I love the stark elegance of this moving canvas, and the fact that Jesus is presented in total isolation. He breathes His last surrounded by blackness, with no disciples, soldiers, or bystanders present, nor does Velazquez include the other two thieves crucified alongside Christ. When we view the painting then, we are forced to confront Jesus alone, and think upon the enormity of our individual sin which was enough in itself to send Him to the cross. The penal substitution theory of atonement asserts that Jesus took our place on the cross. Our sin was deserving of the punishment of death, but Jesus inserted Himself in our stead, and took our rightful sentence, in the process canceling out the penalty of our sin, and allowing us the opportunity to be eternally reconciled with the Father. One of the most noteworthy Scriptures in support of this view of the atonement is actually found in the Old Testament—Isaiah 53:5—“He was wounded for our transgressions, He was bruised for our iniquities; the chastisement for our peace was upon Him, and by His stripes we are healed.” Paul then systematically explains for us in Romans 3:23-5 how Jesus’ death saves us from the just and certain penalty of our sin: “for all have sinned and fall short of the glory of God…being justified freely by His grace through the redemption that is in Christ Jesus, whom God set forth as a propitiation by His blood”
The next painting is from the Spanish artist Salvador Dali. He’s known for his surrealist imagery and flamboyant persona, but Dali, like Velazquez was also a practicing Catholic, and produced a good deal of religiously-themed art. His 1951 painting Christ of St. John of the Cross is a remarkably different vision of the Crucifixion from Velazquez’s or indeed that of almost any other artist.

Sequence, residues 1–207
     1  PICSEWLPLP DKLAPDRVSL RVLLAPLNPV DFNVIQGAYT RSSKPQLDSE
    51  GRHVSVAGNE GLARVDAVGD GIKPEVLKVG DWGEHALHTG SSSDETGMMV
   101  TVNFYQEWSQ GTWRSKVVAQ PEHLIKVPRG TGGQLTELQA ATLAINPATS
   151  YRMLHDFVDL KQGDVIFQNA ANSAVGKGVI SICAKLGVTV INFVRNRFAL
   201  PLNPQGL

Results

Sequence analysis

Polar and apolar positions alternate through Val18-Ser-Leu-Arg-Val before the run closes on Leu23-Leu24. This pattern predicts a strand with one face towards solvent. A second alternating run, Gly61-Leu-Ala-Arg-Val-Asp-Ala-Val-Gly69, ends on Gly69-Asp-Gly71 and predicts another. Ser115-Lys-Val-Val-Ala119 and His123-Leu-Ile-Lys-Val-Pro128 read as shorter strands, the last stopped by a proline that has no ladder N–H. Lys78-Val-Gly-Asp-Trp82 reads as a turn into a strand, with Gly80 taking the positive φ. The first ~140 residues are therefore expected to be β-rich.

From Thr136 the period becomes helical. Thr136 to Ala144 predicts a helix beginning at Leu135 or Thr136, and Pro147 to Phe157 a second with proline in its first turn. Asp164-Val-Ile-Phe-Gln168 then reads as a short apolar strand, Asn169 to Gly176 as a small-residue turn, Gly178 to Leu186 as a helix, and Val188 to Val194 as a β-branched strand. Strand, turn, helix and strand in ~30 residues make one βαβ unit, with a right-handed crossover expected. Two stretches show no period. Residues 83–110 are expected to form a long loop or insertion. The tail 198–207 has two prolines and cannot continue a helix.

Dali gives us the cosmic Christ, elevated above the world, and a body of water that might be the Sea of Galilee. This version of the crucifixion prompts us to focus on the universal implications of Jesus’ death, which is also the emphasis of the Christus Victor theory of the atonement. This theory understands the crucifixion to represent Jesus’ victory over the power of sin, death, and Satan himself. Therefore at Calvary, Jesus did not only die for our sins, but He defeated death itself, and crushed forever the ability of the Evil One to separate us from God or cast us into hell. In Hebrews 2:14-15, we are reminded that Jesus “through death…might destroy him who had the power of death, that is, the devil, and release those who through fear of death were all their lifetime subject to bondage.” Christ Himself then tells in John 12:31-32, prior to, and in reference to His crucifixion: “Now is the judgment of this world; now the ruler of this world will be cast out. And I, if I am lifted up from the earth, will draw all peoples to Myself.”
As I’ve already mentioned, I think we need both theories of atonement in order to gain the fullest possible understanding of what took place at the Cross. The crucifixion for me is about the meeting of the particular (Christ died for me) and the universal (Christ died for everyone). I list them in that order intentionally, because only when we accept the particular implications of what took place at Calvary can we then appreciate its universal significance. Realizing that Jesus died for you personally should provoke an overwhelming awareness of God’s great love—a love which is extended to all humanity, and which is too good not to share with others. Happy Easter everyone!!!